I have not posted for a couple of weeks – let’s call it life getting in the way, the usual thing. I did have a few days away in the Netherlands during that time, however, so I certainly cannot complain. We go there every year, to Zeeland, and I have often posted on here about my trips. This time, my husband and I went, for the first time ever, without our kids, who were all elsewhere. On an impulse we drove all the way from Zeeland in the south to Den Haag (about 150km north) to visit the city’s renowned art gallery, the Kunstmuseum. They hold a large collection of work by an artist my husband was keen to see, but unfortunately none of it was on display! It is an amazing place – an Art Deco building, rather severe-looking on the outside, but fantastic on the inside with a large glass-roofed central atrium (below) and galleries around the edges and magnificent tiling work. There were displays of paintings, sculpture, ceramics and textiles and works were set out in a really innovative way, juxtaposing old and new to illustrate contrasts as well as showing the traditional techniques underpinning even the most modern pieces. We spent the entire day there and did none of the other things we’d planned for our day in the city!
My reading has been really up and down this last few weeks too. After the announcement of the Booker prize shortlist, I set about working through all six books, as I have done every year for a while now. I managed four and a half, I think, but was struggling with the book that in fact won, The Seven Moons of Maali Almeida by Shehan Karunatilaka. I am sorry to say that I STILL have not finished it! I am just not finding it is drawing me in and I am struggling to care about any of the characters. Perhaps one day I will get around to reviewing it on here…!
The non-fiction challenge I set myself at the start of the year (one non-fiction title a month) has completely gone out of the window! Many of the books I have chosen to date have simply been too lengthy to get through in a month and I am finding with non-fiction that I need to read it with more attention because it generally does not draw you into its world engaging all the senses, in the way that fiction does. My current non-fiction of choice is Margaret Atwood’s Burning Questions, which I have been dipping in and out for weeks (months?). As with everything the great lady touches it IS brilliant, and witty, and clever, and informative, but I am reading it with the author’s Canadian drawl in my ear. So it’s slow.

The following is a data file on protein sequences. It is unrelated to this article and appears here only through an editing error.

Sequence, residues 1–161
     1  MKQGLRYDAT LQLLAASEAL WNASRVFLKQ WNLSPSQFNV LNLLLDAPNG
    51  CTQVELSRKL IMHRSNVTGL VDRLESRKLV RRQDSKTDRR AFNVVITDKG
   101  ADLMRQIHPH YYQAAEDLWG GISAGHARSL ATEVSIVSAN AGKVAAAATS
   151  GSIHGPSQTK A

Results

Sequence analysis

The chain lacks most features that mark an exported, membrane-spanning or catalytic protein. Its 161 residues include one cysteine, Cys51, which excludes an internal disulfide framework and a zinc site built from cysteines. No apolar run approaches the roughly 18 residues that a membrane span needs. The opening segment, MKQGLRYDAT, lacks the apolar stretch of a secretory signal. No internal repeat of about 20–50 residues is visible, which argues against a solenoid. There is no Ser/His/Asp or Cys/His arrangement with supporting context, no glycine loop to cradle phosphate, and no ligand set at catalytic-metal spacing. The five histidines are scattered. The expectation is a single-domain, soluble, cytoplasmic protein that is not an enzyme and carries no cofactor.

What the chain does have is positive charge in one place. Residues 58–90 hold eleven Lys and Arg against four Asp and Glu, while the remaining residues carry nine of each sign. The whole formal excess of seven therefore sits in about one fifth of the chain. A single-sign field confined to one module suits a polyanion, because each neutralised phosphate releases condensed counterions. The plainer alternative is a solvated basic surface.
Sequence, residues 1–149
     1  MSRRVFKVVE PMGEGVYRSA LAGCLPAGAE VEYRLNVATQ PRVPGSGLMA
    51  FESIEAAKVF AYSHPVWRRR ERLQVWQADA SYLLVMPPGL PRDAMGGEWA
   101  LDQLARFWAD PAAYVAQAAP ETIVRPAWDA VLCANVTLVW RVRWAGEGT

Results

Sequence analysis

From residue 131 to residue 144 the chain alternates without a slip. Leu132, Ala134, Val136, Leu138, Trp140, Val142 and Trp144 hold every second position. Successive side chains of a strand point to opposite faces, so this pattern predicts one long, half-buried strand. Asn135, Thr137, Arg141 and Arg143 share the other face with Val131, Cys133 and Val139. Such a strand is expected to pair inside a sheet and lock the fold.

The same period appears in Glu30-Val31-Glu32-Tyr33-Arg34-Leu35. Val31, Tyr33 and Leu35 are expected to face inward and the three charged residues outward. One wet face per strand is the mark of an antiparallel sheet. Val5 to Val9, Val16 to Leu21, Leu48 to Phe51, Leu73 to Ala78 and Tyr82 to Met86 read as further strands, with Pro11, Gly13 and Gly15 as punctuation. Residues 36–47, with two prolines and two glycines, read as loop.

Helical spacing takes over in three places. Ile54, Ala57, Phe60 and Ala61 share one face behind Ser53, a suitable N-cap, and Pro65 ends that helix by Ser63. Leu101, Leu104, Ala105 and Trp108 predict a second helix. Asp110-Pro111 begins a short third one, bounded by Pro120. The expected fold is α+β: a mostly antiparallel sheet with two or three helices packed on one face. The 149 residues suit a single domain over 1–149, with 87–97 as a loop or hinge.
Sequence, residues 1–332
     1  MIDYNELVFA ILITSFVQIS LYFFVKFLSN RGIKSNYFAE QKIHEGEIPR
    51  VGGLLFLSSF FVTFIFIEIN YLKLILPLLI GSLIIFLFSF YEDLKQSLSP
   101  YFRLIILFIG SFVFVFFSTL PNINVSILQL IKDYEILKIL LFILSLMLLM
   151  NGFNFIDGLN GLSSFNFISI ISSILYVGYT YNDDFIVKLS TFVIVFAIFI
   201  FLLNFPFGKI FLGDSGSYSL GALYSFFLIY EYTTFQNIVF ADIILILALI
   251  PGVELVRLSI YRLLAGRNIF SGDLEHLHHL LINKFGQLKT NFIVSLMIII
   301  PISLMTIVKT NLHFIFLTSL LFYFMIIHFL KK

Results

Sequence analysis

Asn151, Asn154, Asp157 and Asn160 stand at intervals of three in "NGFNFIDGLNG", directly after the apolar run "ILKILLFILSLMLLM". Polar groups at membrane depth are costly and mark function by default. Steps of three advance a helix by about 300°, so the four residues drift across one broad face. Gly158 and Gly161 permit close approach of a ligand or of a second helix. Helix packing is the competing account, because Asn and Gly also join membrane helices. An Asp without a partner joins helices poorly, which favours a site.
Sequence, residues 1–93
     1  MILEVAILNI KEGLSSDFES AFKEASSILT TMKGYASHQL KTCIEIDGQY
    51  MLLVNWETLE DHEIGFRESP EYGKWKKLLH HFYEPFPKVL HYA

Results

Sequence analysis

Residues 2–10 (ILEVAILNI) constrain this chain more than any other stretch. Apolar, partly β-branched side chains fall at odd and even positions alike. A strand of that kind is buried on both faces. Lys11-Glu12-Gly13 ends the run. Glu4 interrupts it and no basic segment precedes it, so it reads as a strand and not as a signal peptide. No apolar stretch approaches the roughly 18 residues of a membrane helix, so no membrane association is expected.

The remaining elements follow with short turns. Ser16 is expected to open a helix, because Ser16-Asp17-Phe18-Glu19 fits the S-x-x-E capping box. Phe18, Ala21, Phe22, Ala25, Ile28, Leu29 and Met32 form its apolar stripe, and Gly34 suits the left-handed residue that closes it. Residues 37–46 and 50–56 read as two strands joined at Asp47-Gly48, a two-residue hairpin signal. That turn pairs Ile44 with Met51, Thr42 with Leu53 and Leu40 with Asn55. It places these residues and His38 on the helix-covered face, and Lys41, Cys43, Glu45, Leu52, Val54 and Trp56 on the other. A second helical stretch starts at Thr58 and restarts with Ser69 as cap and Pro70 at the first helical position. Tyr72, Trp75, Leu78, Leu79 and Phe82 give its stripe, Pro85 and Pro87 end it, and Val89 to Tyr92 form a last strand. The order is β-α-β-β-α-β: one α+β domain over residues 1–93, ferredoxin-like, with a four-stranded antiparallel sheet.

By contrast, the audiobook I am listening to at the moment (my book club’s choice) is classic Haruki Murakami 1Q84. It is outstanding. I am devouring it. But it’s 45 hours of listening time, three thick volumes’ worth. When listening to it I find I am completely drawn into its peculiar world and Murakami’s writing is just delectable. But it is long.
I was talking to my daughter yesterday. She started university this autumn and is finding that this last week or so has got very challenging, that the workload has stepped up suddenly (week five is the worst, apparently). She was telling me that she does not feel very productive, even though she seems to be spending hours working. I feel a bit like that with my reading right now. Reading of course is a pleasure and a joy in itself and one should not feel pressure to finish, or to tick a book off the list, particularly where slower-paced reading is required to get the very best out of it. But when you review a lot of books, you get used to zipping through them, and it can feel ‘unproductive’ when you find yourself wading through very long books, or less fulfilling books.
I am reaching the end of both the Booker prize winning book and the Murakami so I hope to have something to review in the next week!
Do you ever find yourself in a reading rut? I would love to hear your thoughts.
2 thoughts on “On the ebb and flow of reading”
I definitely get times when I feel a bit lazy with my reading and only want shortish books that don’t involve too much thought. That’s often when. I reread books. It doesn’t usually last for long though.
I really enjoyed Burning Questions but it did take me ages as I kept forgetting about it
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Once I’ve completed this little batch I will definitely be looking for some shorter works! Burning Questions is brilliant. But there is just so much of it! Confirmation, if any were needed, that Margaret Atwood is both brilliant and prolific.
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